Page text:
Converge

support Integrity + Coliseum
author TL date 02/08/08 venue Stengade 30, Copenhagen, DEN

It's a sunny Saturday in Copenhagen, and I've paid a rather steep bus ticket, taking a break in my vacation with my girlfriend, to come to Stengade 30 and report from Converge's show with Coliseum and Integrity. As the opening of the doors gets a bit delayed, me and my friends enjoy a few beers in the ticket line, watching buff tattooed hardcore fans converge (sorry) with skinny scenekids, making out quite a crowd and backing the rumour that the tickets available in the door are scarce. We make it in though, and get to enjoy a few beers more, checking out the very black merch (sigh) and getting stoked on the loud Hatebreed blasting from the speakers.

Coliseum

First band on the bill is Coliseum, and if my preconceptions were about pretentious three-chorded breakdown boredom, they pretty much piss all over them, because this three-piece is the real deal, and their music has balls of a size that, if I wasn't speaking in the literary sense, would take up all the room in the venue. Groovy, southern-fried and low-tuned riffs are delivered at full speed and complimented by a vivid stage-performance and a no-bullshit attitude, and effectively, I'm very positively surprised. The band takes time off towards the end of their set, to urge the enthusiastically moshing scenekids who might just look more clueless than they really are, to not stop here and rather dig deeper into the hardcore underground and find more great bands like some of those on the bill today. Good performance. Good messages. Respect.

Integrity

When it comes to Integrity however, my prejudice is proved to be more right than I would have liked. As the band comes on, the muscular, sleeve-tattoed, shorts-wearing, cap-sporting tough guys make their way to the front of the crowd, and as soon as the music commences they proceed to be as destructive, inconsiderate and annoying as a host of out of control British hooligans. Come to think of it, that comparison isn't even way off, as it's the same thing, claiming to come in 'true' support of the band/team, when all they really want is to prove how 'hardcore' they are by being as destructive to people and property around them, nevermind the band. As for the band, it seems to me that there's little in their music or performance that differentiates them from the stereotypical pretentious three-chords, breakdown x100, shred, repeat formula, that their name hints at when I hear it. To be fair though, I had a hard time concentrating on their show, as I was busy trying to avoid being rammed by out-of-control mongrels or cut by flying shards of glass from broken beer mugs. I guess if you're a buff dude with mean tattoos who likes slamming the ground and sucking at capoeira and you think you're as hxc as they come, you would probably consider the Integrity show a (9). You would also be subject to my hate and disgust. If you're anything else, you'd probably think it was a (4), so effectively, I'm going to put the final grade right between the two, at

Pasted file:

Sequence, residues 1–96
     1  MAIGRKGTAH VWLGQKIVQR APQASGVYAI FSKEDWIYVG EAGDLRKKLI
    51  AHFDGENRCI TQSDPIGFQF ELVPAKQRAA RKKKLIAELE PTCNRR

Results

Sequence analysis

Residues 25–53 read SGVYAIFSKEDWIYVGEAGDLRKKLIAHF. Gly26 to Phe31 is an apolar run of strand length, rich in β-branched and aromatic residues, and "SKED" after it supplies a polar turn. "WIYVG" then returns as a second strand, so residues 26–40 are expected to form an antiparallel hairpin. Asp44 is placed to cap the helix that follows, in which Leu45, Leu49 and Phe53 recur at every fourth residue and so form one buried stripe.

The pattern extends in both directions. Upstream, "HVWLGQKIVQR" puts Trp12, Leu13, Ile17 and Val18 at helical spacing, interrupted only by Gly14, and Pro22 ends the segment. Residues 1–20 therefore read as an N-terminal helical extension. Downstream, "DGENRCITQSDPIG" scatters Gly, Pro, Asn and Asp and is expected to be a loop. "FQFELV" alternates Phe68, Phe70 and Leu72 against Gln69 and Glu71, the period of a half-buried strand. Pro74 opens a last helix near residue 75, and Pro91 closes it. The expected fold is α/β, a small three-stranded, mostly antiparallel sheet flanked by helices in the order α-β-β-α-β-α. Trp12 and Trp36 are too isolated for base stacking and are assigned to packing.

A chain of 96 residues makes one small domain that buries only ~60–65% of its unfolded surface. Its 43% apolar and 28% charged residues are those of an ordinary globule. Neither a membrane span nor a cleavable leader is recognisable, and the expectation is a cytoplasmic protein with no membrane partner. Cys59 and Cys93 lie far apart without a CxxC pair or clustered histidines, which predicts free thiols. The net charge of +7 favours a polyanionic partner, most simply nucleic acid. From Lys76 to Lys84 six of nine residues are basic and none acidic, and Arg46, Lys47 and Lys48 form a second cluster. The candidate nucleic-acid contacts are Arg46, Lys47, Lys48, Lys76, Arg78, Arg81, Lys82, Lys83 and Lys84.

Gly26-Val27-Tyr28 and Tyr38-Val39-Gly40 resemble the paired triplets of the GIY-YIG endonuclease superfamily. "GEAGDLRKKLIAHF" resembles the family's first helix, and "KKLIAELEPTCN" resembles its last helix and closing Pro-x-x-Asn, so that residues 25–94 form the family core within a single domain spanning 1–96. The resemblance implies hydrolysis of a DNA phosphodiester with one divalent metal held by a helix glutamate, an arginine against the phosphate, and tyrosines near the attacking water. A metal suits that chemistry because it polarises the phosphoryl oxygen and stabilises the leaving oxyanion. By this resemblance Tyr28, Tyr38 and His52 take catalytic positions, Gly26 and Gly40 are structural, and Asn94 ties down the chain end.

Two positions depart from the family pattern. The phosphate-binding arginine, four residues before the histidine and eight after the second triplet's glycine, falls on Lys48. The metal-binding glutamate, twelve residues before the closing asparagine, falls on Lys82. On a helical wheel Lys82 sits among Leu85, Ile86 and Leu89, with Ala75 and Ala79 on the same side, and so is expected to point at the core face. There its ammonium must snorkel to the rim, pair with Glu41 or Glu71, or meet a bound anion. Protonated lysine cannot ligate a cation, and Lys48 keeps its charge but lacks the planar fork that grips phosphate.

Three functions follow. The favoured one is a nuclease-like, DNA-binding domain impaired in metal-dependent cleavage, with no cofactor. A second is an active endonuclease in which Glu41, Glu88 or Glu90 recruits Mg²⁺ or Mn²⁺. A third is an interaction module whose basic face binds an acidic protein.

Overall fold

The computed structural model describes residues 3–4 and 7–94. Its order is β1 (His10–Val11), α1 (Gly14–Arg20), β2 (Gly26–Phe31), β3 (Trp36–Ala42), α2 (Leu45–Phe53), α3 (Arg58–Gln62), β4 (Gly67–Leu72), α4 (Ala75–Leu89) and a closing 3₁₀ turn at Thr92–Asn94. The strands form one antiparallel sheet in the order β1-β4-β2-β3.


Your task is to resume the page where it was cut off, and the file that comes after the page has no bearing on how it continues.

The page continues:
.

Converge

When the first tones of "Plagues" emit from the speakers though, my bitterness leaves me in an instant, and I stand on my toes like everyone else in the now severely packed venue, glimpsing guitarist Kurt Ballou standing alone on stage, striking noises out of his guitar with a machine-like precision that makes the riffs sound crisper than they could have even on a backing track. Obviously, what happens when the rest of the band takes the stage and frontman Jacob Bannon unleashes his furious vocals, is nothing short of mayhem. From wall to wall, people are contributing to making the dance floor a battle for survival, still however, in a more traditional mosh pit sense, rather than in the "hi I think I'm Bruce Lee" one, so thumbs up for that. "Heartbreak" and "No Heroes" follow suit, maintaining focus on the most recent album while upping the tempo and the intensity. A change that's followed by the crowd, showing unwavering dedication to the band, screaming words that are usually indecipherable on record, as if they were as familiar as a chart-topping pop hit. Bannon only does half his vocal job so far, as he's concentrating on jumping around and plunging his mic deep into the crowd, allowing for the choir of screamers to enforce the total aggression of the songs. I've seen three songs by now, and so far, Converge are topping every band save The Dillinger Escape Plan, in terms of intensity and devoted performance.

And here's where I fail epically. Realising that I have to make a train at 10 AM next morning, in my hometown to which the last train for hours, is leaving in 30 minutes, I have to bail out of the show halfway through the 4th song, not even hearing the title. It seems I'm doomed to simply not be able to see Converge in their full glory (I missed their set due to an unsolvable conflict with my work-schedule last year). For what it's worth, Converge was headed the same way as The Dillinger Escape Plan with the insanity of their show, and seeing as I have a very hard time imagining that they slowed down after I left, I have little doubt when I tell you that their performance is a must see, and subsequently grade it.

9

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